Growing up as a first-generation Norwegian in the Midwest certainly made for some “interesting,” ok, awkward school lunches and show-and-tells. This includes horror stories about “Norwegian peanut butter sandwiches (not really peanut butter… braunschweiger) and sharing my reindeer boots with my fourth-grade peers (Maybe I was wearing Prancer and Vixen?). The whole name thing didn’t exactly help me blend in either. (Since you asked, pronounced “Signa” or “Cigna”). First days of school were particularly brutal. I always ended up sounding like either a medical condition or a flamboyant figure skater. As a teacher, these past scars made me extra sensative to getting a student’s name right.
It was only during the long summer and holiday breaks spent with my father’s parents at the lake and in my farmor’s kitchen that I felt normal.
Cardamom and nutmeg scented memories of traditional Scandinavian meals, prepared with simple ingredients, and served with story grounded me in who I was.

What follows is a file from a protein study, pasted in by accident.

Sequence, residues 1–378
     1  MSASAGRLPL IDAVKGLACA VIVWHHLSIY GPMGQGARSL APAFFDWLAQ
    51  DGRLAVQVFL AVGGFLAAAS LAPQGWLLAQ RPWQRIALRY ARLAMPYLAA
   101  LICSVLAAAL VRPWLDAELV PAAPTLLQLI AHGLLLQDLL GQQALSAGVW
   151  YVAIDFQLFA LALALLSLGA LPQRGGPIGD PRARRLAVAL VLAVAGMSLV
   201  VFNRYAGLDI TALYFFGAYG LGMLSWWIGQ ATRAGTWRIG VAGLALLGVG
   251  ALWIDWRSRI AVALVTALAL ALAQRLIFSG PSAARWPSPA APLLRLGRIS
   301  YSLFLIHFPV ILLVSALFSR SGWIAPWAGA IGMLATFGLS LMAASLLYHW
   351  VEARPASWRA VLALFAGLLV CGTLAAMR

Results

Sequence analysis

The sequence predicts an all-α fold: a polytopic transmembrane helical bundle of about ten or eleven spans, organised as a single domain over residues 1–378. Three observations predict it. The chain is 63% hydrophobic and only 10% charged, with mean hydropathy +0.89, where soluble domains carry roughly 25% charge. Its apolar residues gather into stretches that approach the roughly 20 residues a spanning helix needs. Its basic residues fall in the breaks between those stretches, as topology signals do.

As I grew older and had a family of my own, things took some unexpected turns. My son was in and out of the hospital with chronic Idiopathic Thrombocytopenic Turpura, ITP, (he is fine now), my marriage dissolved, and I lost my mother and my farmor to cancer. During this time, I also finished a graduate degree and began teaching.
I was in a survival mode and just kind of lost myself. If my kids (I have a daughter in high school and a son in junior high) were doing well, then I felt okay-grateful. As things settled down, I moved closer to my dad to pester him and give my kids the opportunity to be as close with my dad as I was with his parents. He is also teaching my daughter how to drive-Bonus! Anyway, part of coming home included weekly meals with Dad. It wasn’t until these meals that I realized how far I had strayed from cooking a decent meal and the tradition behind the ones I ate with family long ago.
Admittedly, I never been an amazing cook, but we weren’t starving either. My standby dinners had reduced to a sad rotation chicken breasts and (bagged) salad, frozen pizza and more (bagged) salad, chicken nuggets and (frozen) broccoli, sloppy joes and baby carrots-really chips, and Chinese take-out. I could be going to culinary hell, or a meeting with child services, but I am mending my ways.
So here we all are, three generations in a kitchen making great traditional “scandi grub” together. We laugh, we heal, and we share the stories and traditions about the people and places behind each plate. Put down the phone; turn off the television; pull up a chair; and let’s spise.